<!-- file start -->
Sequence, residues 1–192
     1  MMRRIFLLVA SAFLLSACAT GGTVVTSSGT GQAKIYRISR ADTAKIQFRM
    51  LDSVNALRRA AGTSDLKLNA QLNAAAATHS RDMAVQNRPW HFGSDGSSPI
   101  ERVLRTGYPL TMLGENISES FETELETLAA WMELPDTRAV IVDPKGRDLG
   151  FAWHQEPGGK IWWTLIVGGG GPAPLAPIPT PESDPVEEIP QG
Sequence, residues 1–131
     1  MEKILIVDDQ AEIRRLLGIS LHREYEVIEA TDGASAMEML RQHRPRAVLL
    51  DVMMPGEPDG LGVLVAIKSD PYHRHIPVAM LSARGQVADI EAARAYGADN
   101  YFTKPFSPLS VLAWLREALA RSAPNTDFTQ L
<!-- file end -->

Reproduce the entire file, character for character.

Sequence, residues 1–192
     1  MMRRIFLLVA SAFLLSACAT GGTVVTSSGT GQAKIYRISR ADTAKIQFRM
    51  LDSVNALRRA AGTSDLKLNA QLNAAAATHS RDMAVQNRPW HFGSDGSSPI
   101  ERVLRTGYPL TMLGENISES FETELETLAA WMELPDTRAV IVDPKGRDLG
   151  FAWHQEPGGK IWWTLIVGGG GPAPLAPIPT PESDPVEEIP QG
Sequence, residues 1–131
     1  MEKILIVDDQ AEIRRLLGIS LHREYEVIEA TDGASAMEML RQHRPRAVLL
    51  DVMMPGEPDG LGVLVAIKSD PYHRHIPVAM LSARGQVADI EAARAYGADN
   101  YFTKPFSPLS VLAWLREALA RSAPNTDFTQ L